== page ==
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This is my current configuraiton...

proxy_buffering on;
proxy_buffer_size 32k;
proxy_buffers 128 32k;
proxy_send_timeout 20;
proxy_read_timeout 20;
#proxy_max_temp_file_size 1m;
proxy_temp_path /dev/shm/nginx_proxy_buffer;
proxy_pass $url;

I used not to have proxy_buffering enabled, however my new servers have very high %age of software interrupts (%si), so the CPU becomes a bottleneck when my reverse proxy handles about 300 mbit.

With proxy buffering the software interrupt drops and I get transfer rates of almost the full gbit which the servers are connected to.

However the incoming bandwidth is almost double the outgoing bandwidth! The rates fulctuate of course, but on average i have almost double the incoming rate which I don't understand. This is very bad because my 95%ile billing takes the max of in/out ...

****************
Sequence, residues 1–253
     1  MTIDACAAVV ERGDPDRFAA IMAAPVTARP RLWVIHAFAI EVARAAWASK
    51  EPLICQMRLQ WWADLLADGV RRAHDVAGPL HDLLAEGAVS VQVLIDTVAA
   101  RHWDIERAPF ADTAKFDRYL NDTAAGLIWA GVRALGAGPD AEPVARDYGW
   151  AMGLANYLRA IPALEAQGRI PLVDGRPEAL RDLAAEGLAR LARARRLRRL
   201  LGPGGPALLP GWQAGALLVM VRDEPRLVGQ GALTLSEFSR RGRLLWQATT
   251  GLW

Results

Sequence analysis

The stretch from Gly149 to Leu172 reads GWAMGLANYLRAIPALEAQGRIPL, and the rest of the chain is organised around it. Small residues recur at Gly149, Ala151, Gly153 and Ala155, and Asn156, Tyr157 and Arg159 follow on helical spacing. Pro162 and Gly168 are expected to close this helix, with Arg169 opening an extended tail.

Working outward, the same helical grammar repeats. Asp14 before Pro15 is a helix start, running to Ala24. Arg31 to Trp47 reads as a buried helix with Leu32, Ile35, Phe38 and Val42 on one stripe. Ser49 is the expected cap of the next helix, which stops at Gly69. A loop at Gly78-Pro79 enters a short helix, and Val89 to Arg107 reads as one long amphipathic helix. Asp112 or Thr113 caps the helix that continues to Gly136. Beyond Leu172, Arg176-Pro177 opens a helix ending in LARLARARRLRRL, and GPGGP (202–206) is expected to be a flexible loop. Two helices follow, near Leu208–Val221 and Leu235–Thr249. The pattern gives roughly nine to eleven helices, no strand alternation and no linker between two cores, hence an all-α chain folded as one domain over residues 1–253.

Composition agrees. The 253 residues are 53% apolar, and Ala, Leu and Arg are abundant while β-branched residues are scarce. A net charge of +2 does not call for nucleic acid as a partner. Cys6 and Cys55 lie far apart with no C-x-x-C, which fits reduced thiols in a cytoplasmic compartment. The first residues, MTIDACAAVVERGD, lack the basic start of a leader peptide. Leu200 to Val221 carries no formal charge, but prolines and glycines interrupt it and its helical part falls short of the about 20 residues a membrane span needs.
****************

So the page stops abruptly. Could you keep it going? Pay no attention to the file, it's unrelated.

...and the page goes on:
It is my understanding that if a user cancels a download the data that has already been transferred from the source server into the buffer will get lost, which would result in this behaviour. However it is absurd that this occurs and causes 100% overrage...

enter image description here

Any input is appriciated!

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Are you sure that your graph is correct, and this cyan line does not represent sum of in and out? –  VBart Nov 17 '12 at 16:20
    
Absolutely. Iptraf and vnstat confirm the stats. I just ran vnstat over two hours and the results are 136.19 Mbit/s rx and 97.81 Mbit/s tx –  The Shurrican Nov 17 '12 at 17:08
    
... maybe the backends are inefficiently drip feeding nginx (in) which buffers and efficiently sends to clients (out)... could the half full TCP packets cause this? –  KCD Jan 26 at 21:13

1 Answer 1

Do you have gzip enabled for clients? That could account for the difference since nginx <-> backend connections aren't compressed by default (I can't remember if the recent http/1.1 backend support and gunzip filter module allow you to safely enable gzip between nginx and the backend server or not).

EDIT: This doesn't explain why you don't see this behavior with proxy_buffering disabled, though. Maybe more clients disconnect if they have to wait?

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